A new study designed to investigate the timing, magnitude and extent of paleo-thermal effects, and to provide an independent assessment of maturity levels, using AFTA

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Analysis of ~30 new AFTA (apatite fission track analysis) samples from 13-15 wells will be the basis for evaluating variation in thermal, tectonic and maturation histories throughout the Carnarvon Basin. Using the latest AFTA and THR™ (thermal history reconstruction) technologies, this regional study (the first of its kind for this area), will delineate the timing and extent of paleo-thermal effects in each study well, plus provide an independent test of maturity levels in Mesozoic source rocks. Integration of the new AFTA results with existing VR and FAMM data will arm explorationists with an independently-generated thermal and maturation history framework, which can later be used to constrain more detailed basin models, and thus help identify which play-types are best targeted in different parts of the Carnarvon Basin.


A proposal to industry

December 1999



This proposal to industry outlines the aims and objectives of a research study which will be undertaken in the northern Carnarvon Basin by Geotrack International Pty Ltd. Attachment A provides some background detail about the techniques that will be applied in this study. More details can be obtained by contacting Paul Green (61 3 9380 1077). Attachment B contains the application form, which should be returned by committed parties, prior to the 31st January 2000.

Geological Background:

Proven oil and gas fields throughout the Barrow and Dampier Sub-Basins of the greater Carnarvon Basin are based on numerous and diverse play-types, located in a complex structural setting. Principle reservoir rocks vary in age from Triassic in the Gorgon Gas Field, Late Jurassic in the Mutineer Oil Field, and Early Cretaceous in the Barrow Oil Field. The challenge presented to explorationists by such a broad range of possible drilling targets is further complicated by widely recognised suppression of Ro data. This problem mainly affects measurements in Jurassic and Cretaceous sediments, and stems largely from difficulties in identifying vitrinite in fine grain marine sediments. Uncertainties surrounding maturity levels currently make it difficult to accurately assess magnitudes of maximum paleotemperatures and burial depths in the Carnarvon Basin.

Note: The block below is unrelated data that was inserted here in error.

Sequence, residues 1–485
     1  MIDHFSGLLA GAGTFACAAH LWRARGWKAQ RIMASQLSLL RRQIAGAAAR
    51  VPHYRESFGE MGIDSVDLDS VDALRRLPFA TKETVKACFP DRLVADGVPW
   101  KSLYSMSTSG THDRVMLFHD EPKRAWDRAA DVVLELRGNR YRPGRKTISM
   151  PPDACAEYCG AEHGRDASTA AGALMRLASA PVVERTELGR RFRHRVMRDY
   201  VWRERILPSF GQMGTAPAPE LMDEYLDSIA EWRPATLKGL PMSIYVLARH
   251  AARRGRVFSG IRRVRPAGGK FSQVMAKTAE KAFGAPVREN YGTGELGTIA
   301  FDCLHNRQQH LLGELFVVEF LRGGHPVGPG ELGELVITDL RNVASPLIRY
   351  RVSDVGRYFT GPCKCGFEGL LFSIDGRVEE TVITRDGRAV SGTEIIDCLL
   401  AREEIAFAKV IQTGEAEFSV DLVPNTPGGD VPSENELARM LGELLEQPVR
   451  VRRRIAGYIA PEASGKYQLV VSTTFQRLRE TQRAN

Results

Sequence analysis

The tectonic evolution of the Carnarvon Basin is also complex, and has produced a broad array of structural traps, for which the "timing" of emplacement is a crucial element needing to be defined in each petroleum system. Both sub-basins are bound to the north-west by the Rankin Trend (a series of en-echelon horsts and grabens), and to the south-east by the Peedamullah and Lambert Shelves. Within the sub-basins, anticlinal trends occur at Barrow Island, the Mermaid nose, the Madeleine and Legendre Trends, and the De Gray nose. All of these structures are associated with unconformities of varying age and extent (both temporal and spatial), and so the timing of uplift and erosion, and amounts of section removed need to be accurately assessed for entry into constrained basin models.

Aims and objectives:

  • Application of Apatite Fission Track Analysis (AFTA) to delineate the timing and extent of paleo-thermal effects in 13-15 wells (see figure above and provisional well list below).

  • Comparison of AFTA-derived maximum paleotemperatures with VR (vitrinite reflectance) and FAMM (fluorescence alteration of multiple macerals) data, to independently assess true maturation levels of Triassic to Cretaceous units throughout the study area.

  • Provision of constrained thermal history reconstructions for each study well, plus an interpreted overview of thermal history styles throughout the northern Carnarvon Basin.

  • Comments on the variation of maturation and burial/uplift histories within the Carnarvon Basin.

Detailed work program:

  • Process 2-3 AFTA samples from each of 13-15 wells. Sampling will concentrate on pre-Triassic to Cretaceous aged sediments in: De Grey-1, Goodwyn-1, Wandoo-1, Arabella-1, Candace-1, Barrow-1, North Gorgon-1, Vlaming Head-1, Fennel-1, Echo Bluff-1, Onslow-1, Loggerhead-1, West Muiron-3, Resolution-1 and Cape Range-1. (This list is provisional and changes may be made in response to suggestions from subscribing companies. Geotrack would also welcome company contributions of VR and FAMM data to this study.)